Focus on the Record – Election Records

With municipal election day nearing (Saturday, November 15, 2014), we thought it timely to provide an overview of the records in the holdings of the City of Richmond Archives relating to past elections. These records not only provide evidence of election procedures, nominations and final results, but also document the evolution of voting rights and voting systems in the municipality.

Official election results, dating back to the first municipal election in 1880, can be found in the reports of the Returning Officer/Chief Election Officer. These reports form part of the minutes of Council, and are accessible to researchers at the Archives on microfilm. The original minutes are housed in the Archives’ vault. The reports document the precise vote count for all candidates and for all referenda or plebiscites put to the electorate. It is interesting to note that although the first election for Council was carried out in January, 1880, the first actual balloting occurred with the election for Council of 1889. Prior to this date, all candidates had been elected by acclamation.

Council minutes, and various bylaws, also document the establishment of a ward system for Council representation. Initially, the municipality was divided into three wards but for the municipal election of 1891, five wards were established. All voters in the municipality could vote for Reeve (the term used before the adoption of the title “Mayor”) but those registered on the voters’ list for a specific ward or district could only vote for a councillor nominated to represent that ward. Ward 1 constituted Sea Island, Ward 2 the northwest part of Lulu Island, Ward 3 Steveston and area, Ward 4 most of the South Arm and parts of eastern Richmond, and Ward 5 eastern Richmond. The ward system was discontinued after the municipal election of 1946, when an “at-large” system was adopted for the election of councillors.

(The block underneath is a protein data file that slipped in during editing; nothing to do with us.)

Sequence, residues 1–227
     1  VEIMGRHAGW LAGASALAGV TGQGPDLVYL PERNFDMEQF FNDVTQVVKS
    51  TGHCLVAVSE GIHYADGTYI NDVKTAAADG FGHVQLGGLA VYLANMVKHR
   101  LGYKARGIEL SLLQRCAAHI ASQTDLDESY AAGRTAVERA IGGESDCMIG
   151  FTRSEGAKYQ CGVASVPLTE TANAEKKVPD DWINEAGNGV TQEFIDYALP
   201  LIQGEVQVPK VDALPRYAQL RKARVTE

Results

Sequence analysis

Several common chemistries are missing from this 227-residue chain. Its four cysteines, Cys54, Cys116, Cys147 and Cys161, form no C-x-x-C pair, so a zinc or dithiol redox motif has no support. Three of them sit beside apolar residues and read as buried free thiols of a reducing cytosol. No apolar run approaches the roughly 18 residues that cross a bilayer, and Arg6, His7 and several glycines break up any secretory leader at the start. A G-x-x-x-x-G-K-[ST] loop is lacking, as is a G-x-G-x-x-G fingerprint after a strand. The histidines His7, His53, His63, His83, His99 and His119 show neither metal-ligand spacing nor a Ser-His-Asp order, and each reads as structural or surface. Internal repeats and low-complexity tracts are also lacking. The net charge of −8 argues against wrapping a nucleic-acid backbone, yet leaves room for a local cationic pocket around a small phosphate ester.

Another important group of election records at the Archives are the official voters’ lists. They provide not only detailed listings of property owners and residents in Richmond but also illustrate the evolution of the voting system and the municipal franchise. The first complete voters list at the Archives dates to 1915. It is assumed that earlier lists were lost in the fire of 1913 which destroyed the original Town Hall.

Voters List 1915 Front Cover

Front page of voter’s list, 1915. City of Richmond Archives, MR35, File VL-1915.

The 1915 list shows voters registered by ward and also contains the names of women who owned property in the municipality, demonstrating how women were given the right to vote in municipal elections prior to being granted the right to vote in federal and provincial elections.

Election Ballot - 1931 - Reeve

Election Ballot for Reeve, 1931. City of Richmond Archives, MR35, File 4501 – Election Procedure.

Election Ballot - 1931 - Councillor Ward 3

Election Ballot for Councillor, Ward 3, 1931. City of Richmond Archives, MR35, File 4501 – Election Procedure.

The voters’ lists also show how provincial legislation discriminated against the rights of First Nations people and people of South Asian, Japanese and Chinese ethnicity. The names of property owners of South Asian descent first appear on the voters list of 1948, following changes to provincial statute in 1947 giving them the right to vote in municipal elections. The names of First Nations, Japanese-Canadian, and Chinese-Canadian property owners do not appear on the voters list until 1949, again following changes in provincial legislation in 1948 granting them the municipal franchise.

Voters’ lists for municipal elections of 1915 through 1985 are available to researchers at the Archives. Other election records available include extensive election files, including the records of the Court of Revision, all of which document the procedures carried out by municipal officers to ensure the validity of the election process.

Ted Youngberg and Election Staff 1965

Municipal Clerk Ted Youngberg with election staff, Elaine Smith, Bill Lane and Bev Harper, 1965. City of Richmond Archives Photograph 1986 16 4.

[Note – this is an updated version of an article first published in the Fall 2011 issue of the Archives News]

Sir Edward Walter’s Haunted House

House drawing by Greg Jones, City of Richmond Archives 7431

House drawing by Greg Jones, City of Richmond Archives accession 1987 107.

On Halloween,as our thoughts stray to witches and ghosts and things that go bump in the night, would you believe that in today’s bustling city centre on the property now bounded by Westminster Hwy, No 3.and Saba Roads and Buswell Street, stood one of Richmond’s oldest and most haunted houses?